Given an array $A$ of length $N$. There are $Q$ queries, each queries will be in the form

What would be the c-th number in the segment A[l...r] if the array is sorted?

I've come up with an $\mathcal{O}(N\log N+Q\log^3N)$ solution:

Build a segment tree, keeping array A sorted in each subsegment.
Binary search the value v which will be the answer.
Each time we binary search, we query the segment tree:
"What will be the rank of v in the subsegment A[l...r]"

Each segment tree queries takes $\mathcal{O}(\log^2N)$ time:
$\mathcal{O}(\log N)$ time for segment tree traversal and $\mathcal{O}(\log N)$ time for binary search the rank of value in the segment.
For each segment tree queries, if the we have to call query in both left node and right node, then we have to sum up the queries.

C++ code:

int query(int currentNode, int Left, int Right, int v){
    if(LeftBound[currentNode] == Left && RightBound[currentNode] == Right){
        return lower_bound(segmentDataVector[currentNode].begin(),segmentDataVector[currentNode].end(),v) - segmentDataVector[currentNode].begin();
    int half = (LeftBound[currentNode] + RightBound[currentNode])/2;
    // For simplicity, left node number will be 2*currentNode and right node number will be 2*currentNode + 1.
    if(Left <= half && half < Right){
        // Query again in both left node and right node.
        return query(2*currentNode, Left, half, v) + query(2*currentNode + 1, half + 1, Right, v);
    }else if(Right <= half){
        // Query only left node.
        return query(2*currentNode, Left, Right, v);
        // Query only right node.
        return query(2*currentNode+1, Left, Right, v);

And we binary search for v which query(1,1,N,v) == r-l+1-c becomes true, answering v.

After that, I came up with a better solution which takes $\mathcal{O}(N\log N + Q\log^2N)$:

Build a persistent segment tree.
Count the array A into buckets B (like counting sort).
Let B[i] be an array denoting the occurrences of i in A.
Sort the array A into array C.
Create an array D of length N, setting all elements to zero.
Let the persistent segment tree be linked with the array D.
For i in C start from minimum to maximum:
    For j in B[i]:
        D[j] = 1
        Update D[j] = 1 into current version of segment tree.
Binary search the version value v which persistent segment tree version v sums from l to r results c.
Answer B[v].

But it isn't optimized enough. I know there exists the $\mathcal{O}(N\log N + Q\log N)$ solution, but I didn't know the solution yet. My friend told me that he knows 3 solutions that are linearithmic. Please don't tell me the solution, I want to think a little bit more.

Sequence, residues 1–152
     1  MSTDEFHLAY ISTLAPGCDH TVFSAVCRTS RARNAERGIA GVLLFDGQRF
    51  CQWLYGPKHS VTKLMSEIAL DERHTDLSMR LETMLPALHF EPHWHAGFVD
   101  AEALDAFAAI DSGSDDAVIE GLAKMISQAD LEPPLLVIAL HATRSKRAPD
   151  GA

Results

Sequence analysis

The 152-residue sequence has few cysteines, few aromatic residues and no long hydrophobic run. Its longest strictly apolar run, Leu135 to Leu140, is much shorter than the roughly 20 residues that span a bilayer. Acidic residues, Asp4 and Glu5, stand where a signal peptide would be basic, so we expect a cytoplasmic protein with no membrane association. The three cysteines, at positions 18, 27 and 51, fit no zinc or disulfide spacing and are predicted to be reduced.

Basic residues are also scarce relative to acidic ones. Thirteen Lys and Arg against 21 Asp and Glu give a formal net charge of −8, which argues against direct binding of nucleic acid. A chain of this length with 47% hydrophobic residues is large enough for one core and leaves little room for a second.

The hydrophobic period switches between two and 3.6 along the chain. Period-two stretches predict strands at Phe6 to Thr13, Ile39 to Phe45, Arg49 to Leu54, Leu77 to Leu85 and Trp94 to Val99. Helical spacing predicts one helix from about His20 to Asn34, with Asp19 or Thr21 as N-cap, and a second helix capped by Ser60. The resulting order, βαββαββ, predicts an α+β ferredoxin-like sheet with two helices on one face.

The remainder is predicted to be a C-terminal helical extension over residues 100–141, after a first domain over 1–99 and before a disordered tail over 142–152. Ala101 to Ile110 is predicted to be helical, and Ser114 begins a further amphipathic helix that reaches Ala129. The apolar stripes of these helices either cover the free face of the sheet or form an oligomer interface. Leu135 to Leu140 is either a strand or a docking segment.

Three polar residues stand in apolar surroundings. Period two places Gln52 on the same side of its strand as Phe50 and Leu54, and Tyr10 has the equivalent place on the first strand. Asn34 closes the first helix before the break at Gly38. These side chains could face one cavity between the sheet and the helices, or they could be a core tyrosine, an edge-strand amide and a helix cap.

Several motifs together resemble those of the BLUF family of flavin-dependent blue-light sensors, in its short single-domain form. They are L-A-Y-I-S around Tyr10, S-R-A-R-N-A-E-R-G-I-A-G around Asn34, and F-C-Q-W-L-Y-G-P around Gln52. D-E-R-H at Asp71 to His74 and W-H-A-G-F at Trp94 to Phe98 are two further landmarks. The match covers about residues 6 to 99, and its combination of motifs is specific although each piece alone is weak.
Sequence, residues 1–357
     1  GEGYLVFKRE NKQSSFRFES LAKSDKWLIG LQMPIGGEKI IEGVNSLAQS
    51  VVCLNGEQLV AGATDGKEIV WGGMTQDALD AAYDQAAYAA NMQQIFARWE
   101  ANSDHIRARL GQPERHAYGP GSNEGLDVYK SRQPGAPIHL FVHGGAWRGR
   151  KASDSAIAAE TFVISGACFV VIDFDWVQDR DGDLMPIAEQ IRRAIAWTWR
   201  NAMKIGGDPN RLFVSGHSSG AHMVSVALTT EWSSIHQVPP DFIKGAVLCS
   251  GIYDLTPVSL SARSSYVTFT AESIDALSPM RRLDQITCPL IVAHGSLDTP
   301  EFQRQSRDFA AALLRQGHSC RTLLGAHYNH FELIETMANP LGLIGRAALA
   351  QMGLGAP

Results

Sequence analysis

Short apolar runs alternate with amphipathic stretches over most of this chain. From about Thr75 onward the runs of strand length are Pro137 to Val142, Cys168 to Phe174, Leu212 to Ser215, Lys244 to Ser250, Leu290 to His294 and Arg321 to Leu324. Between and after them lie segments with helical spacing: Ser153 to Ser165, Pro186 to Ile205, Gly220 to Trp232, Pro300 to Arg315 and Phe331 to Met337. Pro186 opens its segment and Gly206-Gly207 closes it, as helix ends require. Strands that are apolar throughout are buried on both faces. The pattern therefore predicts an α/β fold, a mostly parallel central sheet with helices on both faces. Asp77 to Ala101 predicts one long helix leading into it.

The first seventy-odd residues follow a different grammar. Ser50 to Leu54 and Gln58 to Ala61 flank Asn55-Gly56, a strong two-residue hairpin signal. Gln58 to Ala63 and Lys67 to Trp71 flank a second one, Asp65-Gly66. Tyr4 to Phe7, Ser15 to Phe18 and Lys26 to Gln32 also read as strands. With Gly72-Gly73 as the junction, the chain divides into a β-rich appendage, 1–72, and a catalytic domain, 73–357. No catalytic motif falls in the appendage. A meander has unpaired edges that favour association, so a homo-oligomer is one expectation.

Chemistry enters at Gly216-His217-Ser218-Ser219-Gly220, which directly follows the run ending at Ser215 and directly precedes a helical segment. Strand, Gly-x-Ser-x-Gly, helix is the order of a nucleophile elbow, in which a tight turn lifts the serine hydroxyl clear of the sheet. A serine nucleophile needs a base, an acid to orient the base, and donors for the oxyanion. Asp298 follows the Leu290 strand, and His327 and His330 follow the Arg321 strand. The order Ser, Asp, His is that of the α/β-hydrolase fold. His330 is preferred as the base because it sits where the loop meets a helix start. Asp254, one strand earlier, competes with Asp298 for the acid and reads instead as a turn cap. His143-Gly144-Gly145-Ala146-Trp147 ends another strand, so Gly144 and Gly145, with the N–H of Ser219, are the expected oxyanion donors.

The question I want to ask is:

"Does an $\mathcal{O}(N\log N + Q)$ solution exists, regardless of memory complexity?"
If that really exists, please give me some clue/solution.

This problem is a classical problem which can be found in Codeforces(http://codeforces.com/blog/entry/9204), SPOJ MKTHNUM (http://www.spoj.com/problems/MKTHNUM/) and the anudeep's blog explanation which I don't want to read the solution yet(https://blog.anudeep2011.com/persistent-segment-trees-explained-with-spoj-problems/)

  • $\begingroup$ What's the context in which you encountered this problem? Can you credit the original source? How do you know there exists a $O(N \log N + Q \log N)$ time solution? $\endgroup$ – D.W. Jan 29 '18 at 1:34
  • $\begingroup$ I've edited the statement, and the time complexity I've stated, I known from anudeep's blog and one of my friend. $\endgroup$ – S. Plum P. Jan 29 '18 at 6:22
  • $\begingroup$ Thanks! Now I'm confused. You know of a blog post that might describe a solution but you don't want to read it? You don't want to read the solution yet but you're asking here for the solution? $\endgroup$ – D.W. Jan 29 '18 at 6:28
  • $\begingroup$ No. I'm just asking whether there exists an $O(N\log N + Q)$ solution, but for the $O(N\log N + Q\log N)$, I want to think on my own for some time. Sorry for being unclear. $\endgroup$ – S. Plum P. Jan 29 '18 at 7:26

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